A status yellow – low temperature warning has been issued for Cork

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See our Top Tips for winter driving conditions.

Met Éireann have issued a status yellow – low temperature warning for Cork, which is valid from Saturday 18/01/2020 to 11:00 Sunday 19/01/2020.

  • Forecasters are warning that temperatures will fall to minus 3 or minus 4 degrees tonight, coldest around dawn and staying below freezing until mid-morning on Sunday.

Issued/Updated: 11:00 Saturday 18/01/2020
Valid: 21:00 Saturday 18/01/2020 to 11:00 Sunday 19/01/2020


 

Precautionary gritting starting at 18:00 tonight, and a second treatment at 02:00 as very low temperatures are expected overnight. Further monitoring of road conditions during the night.

Routes: The South Ring Road N40 as far as Ovens bridge, M8 as far as the toll plaza, the N25 as far as Junction 6 (Whitegate,) the N20 starting at The Commons Inn as far as the Killarney roundabout, the N71 as far as the end of the dual carriageway, all routes start at the Dunkettle Interchange.

Information provided to us by Egis Lagan Services. Motorway Maintenance. These are only the roads maintained by Egis Lagan, other roads may be gritted by the relevant local authorities.




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Our Top Tips for Winter Driving Conditions

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Our top tips for winter driving conditions!

We’ve compiled a list of top tips to help you in the cold, wintry weather.

  • Never start your vehicles engine and then leave the vehicle unattended. This increases your risk of theft to your vehicle.
  • Prepare for your journey in advance, and expect to leave early. Allow an extra 30 minutes for your journey.
  • Use de-icer / ice scraper to clear ice from windscreens and wing mirrors. Never use warm or boiling water to de-ice your vehicle, this may cause the windscreen to crack or shatter. Water on the ground may freeze, causing it to be a hazard to pedestrians.
  • Check your tyres and the thread depth. There is a minimum legal limit in Ireland, and that is 1.6mm. Ensuring your tyres are in good condition, and inflated to the correct tyre pressure.
  • Change summer tyres to winter tyres.
  • Anticipate “Black Ice” – which is a hazard due to the fact that its pretty much invisible, and difficult to spot. Black Ice is prominent on roads which may be sheltered by tree’s or in an area without a large traffic flow.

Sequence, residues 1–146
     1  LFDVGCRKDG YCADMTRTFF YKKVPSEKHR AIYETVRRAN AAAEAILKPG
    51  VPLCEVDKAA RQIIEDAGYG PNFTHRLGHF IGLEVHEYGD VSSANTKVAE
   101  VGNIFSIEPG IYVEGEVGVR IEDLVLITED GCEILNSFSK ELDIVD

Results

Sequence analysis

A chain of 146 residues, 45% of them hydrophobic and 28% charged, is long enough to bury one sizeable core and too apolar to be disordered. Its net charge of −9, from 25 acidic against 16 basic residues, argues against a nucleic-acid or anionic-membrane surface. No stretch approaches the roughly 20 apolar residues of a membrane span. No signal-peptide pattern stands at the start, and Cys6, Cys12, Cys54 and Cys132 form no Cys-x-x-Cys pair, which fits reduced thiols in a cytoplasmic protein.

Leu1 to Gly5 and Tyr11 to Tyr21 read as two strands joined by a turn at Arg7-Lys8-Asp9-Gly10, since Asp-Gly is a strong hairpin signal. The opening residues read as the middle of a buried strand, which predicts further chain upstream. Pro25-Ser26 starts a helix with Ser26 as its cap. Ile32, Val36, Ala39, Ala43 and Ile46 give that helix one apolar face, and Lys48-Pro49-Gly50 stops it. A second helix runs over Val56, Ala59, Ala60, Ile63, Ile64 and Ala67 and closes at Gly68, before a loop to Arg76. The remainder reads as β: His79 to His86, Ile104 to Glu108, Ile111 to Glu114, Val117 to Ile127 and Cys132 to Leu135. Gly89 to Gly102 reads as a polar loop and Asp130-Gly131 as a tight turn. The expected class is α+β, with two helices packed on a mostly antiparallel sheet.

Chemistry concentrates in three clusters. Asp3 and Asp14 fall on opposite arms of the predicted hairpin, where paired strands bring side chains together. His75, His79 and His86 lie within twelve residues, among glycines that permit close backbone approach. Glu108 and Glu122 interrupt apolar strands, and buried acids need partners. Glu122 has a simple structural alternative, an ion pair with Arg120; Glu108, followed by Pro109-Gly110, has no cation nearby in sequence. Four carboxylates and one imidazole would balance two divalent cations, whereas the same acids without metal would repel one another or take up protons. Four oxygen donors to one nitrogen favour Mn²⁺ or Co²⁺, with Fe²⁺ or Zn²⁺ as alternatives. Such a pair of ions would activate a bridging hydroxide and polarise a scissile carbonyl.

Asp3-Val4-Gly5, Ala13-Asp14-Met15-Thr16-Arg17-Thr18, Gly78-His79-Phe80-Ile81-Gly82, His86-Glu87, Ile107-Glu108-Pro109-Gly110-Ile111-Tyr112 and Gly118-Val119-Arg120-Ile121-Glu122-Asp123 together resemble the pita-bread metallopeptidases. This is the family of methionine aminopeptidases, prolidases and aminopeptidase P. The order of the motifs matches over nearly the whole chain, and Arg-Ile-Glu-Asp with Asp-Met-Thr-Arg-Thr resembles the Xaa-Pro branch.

• Never try put down electric windows when frozen, you could cause more damage than good.
  • To help with rubber door seals use a rubber conditioner to stop doors from sticking. Available from all good motoring stores.
  • If possible cover the car with a tarp and pull it off in the morning.
  • Turn off auto lights, wipers, heaters and radio when parking your car overnight so in the morning when starting the engine it will take the extra load off the battery. Don’t forget your vehicle uses alot more battery power in the winter than summer.
  • Check all lights are working on your vehicle. Only use fog lights in dense fog or falling snow. Improper use of fog lights is also a motoring offence.
  • Have a high visibility vest, torch, extra jacket, blanket, spare tyre and drinking water in case of a breakdown. Check you have breakdown cover with your insurance company, don’t wait until you break down. Remember a flat tyre is considered a breakdown. 
  • Avoid journeys if possible, but if you have to travel always have a fully charged mobile phone, and always tell someone of your planned journey and let them know when you arrive.

This list is not exhaustive, and there are many other tips that can be provided. Please feel free to send us your suggestions.

Have you checked out our Vehicle Maintenance article




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HSE: Teaching kids to prevent the spread of infectious diseases

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HSE teaching kids to prevent the spread of infectious diseases

To help improve respiratory hygiene in schools and crèches, the HSE’s Health Protection Surveillance Centre (HPSC) has developed eye-catching new posters which have been distributed to all schools as part of a resource pack.